California GOP Meets to Plot Comeback

California’s Republican Party has its share of problems.

Rubin Barrales uses some tact when he describes the California Republican Party’s current position. “We’re definitely at a point of reflection," he says.

Barrales heads a conservative group called Grow Elect, which is focused on putting Latino Republicans in office. If the Republican Party wants to survive, he says, it needs to do more than translate campaign materials into Spanish.

"I’m not talking about outreach. I’m not interested in outreach," Barrales says. "I’m interested in inclusion. I’m interested in bringing the Latino population into the Republican Party so they have a seat at the table."

The party is hoping the first step toward a recovery is the election of its new chair, Jim Brulte, who led both the Assembly and Senate Republican caucuses. Robert Huckfeldt, a political scientist who directs the University of California Center Sacramento, says Brulte is the right pick.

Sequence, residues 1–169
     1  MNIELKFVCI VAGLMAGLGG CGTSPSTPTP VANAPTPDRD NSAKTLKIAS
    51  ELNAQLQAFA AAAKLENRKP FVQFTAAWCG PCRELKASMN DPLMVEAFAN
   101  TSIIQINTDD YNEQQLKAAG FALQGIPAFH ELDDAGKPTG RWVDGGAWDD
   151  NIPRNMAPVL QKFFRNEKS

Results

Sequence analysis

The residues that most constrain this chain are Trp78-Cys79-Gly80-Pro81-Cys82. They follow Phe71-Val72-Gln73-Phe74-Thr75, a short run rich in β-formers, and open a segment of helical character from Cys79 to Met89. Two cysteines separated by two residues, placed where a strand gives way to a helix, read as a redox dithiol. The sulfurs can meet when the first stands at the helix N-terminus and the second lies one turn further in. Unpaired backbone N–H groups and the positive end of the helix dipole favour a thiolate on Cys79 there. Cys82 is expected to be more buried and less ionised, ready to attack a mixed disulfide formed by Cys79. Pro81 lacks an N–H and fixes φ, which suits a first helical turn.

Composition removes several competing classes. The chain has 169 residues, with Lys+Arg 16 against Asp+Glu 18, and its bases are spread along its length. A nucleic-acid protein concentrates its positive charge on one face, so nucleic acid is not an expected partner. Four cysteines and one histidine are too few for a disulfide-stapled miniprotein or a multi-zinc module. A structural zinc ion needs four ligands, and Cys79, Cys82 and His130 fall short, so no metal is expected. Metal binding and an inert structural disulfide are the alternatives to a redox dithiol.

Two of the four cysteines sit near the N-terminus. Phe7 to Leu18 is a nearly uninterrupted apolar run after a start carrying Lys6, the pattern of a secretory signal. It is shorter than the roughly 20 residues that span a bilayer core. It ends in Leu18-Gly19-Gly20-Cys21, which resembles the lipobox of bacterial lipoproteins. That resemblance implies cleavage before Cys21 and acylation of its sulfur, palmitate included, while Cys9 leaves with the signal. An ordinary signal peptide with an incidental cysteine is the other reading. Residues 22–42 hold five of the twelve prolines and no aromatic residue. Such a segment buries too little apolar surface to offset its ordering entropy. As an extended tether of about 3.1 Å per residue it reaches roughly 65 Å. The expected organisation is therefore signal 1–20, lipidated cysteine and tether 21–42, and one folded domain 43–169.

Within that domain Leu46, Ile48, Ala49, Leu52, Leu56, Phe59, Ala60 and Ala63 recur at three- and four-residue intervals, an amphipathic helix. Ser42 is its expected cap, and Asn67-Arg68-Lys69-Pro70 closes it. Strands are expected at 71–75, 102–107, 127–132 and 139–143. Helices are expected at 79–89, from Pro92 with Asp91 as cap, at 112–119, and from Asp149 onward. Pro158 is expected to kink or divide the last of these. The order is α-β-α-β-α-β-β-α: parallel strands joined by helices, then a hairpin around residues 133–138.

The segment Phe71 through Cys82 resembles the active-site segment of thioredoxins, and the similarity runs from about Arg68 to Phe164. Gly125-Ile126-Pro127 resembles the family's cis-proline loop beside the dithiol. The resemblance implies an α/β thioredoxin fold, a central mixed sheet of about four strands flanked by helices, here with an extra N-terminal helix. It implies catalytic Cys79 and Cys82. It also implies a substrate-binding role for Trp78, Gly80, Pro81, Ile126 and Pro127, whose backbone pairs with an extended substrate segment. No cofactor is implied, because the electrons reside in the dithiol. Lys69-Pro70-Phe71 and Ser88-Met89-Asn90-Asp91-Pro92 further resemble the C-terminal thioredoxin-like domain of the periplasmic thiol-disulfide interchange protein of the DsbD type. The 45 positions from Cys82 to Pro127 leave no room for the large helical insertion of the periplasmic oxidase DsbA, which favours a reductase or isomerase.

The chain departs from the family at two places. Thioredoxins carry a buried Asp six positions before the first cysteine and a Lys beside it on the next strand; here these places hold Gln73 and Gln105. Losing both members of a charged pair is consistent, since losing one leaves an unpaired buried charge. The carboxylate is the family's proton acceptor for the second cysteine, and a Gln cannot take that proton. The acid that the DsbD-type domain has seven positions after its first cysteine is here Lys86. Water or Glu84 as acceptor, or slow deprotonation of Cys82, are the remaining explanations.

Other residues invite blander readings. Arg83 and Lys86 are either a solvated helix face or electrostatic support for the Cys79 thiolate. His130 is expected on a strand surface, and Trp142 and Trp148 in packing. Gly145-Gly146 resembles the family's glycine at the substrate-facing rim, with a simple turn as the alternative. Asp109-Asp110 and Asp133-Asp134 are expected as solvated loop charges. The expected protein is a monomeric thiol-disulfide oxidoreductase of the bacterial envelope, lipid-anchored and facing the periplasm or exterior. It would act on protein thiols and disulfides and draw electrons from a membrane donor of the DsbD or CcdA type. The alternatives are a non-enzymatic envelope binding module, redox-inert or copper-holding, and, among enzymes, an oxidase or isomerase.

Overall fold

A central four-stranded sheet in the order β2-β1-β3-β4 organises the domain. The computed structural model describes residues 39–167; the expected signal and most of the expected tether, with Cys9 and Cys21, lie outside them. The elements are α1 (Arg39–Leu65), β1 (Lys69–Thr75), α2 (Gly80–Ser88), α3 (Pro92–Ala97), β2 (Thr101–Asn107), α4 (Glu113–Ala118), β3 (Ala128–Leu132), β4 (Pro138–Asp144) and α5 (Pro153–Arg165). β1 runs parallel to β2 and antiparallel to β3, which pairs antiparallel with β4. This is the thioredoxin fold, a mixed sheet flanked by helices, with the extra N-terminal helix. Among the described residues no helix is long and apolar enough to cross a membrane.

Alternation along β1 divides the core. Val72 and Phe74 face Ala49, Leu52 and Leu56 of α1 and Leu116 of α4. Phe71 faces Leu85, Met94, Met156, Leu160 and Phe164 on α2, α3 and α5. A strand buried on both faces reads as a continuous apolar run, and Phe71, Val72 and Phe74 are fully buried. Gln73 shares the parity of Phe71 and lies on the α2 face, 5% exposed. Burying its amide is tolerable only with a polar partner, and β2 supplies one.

"He’s got a history in Sacramento of being able to work both sides of the aisle," Huckfeldt notes. "He’s got a history of being a reasonable person to deal with, both within and outside the party. And I think his vision of the party is going to be different than what we’ve seen in the last several years."

Brulte takes over a party that’s deep in debt, and increasingly marginalized in both the state house and voter rolls. His uphill challenge begins this weekend in Sacramento when the Republican Party gathers for its spring convention.
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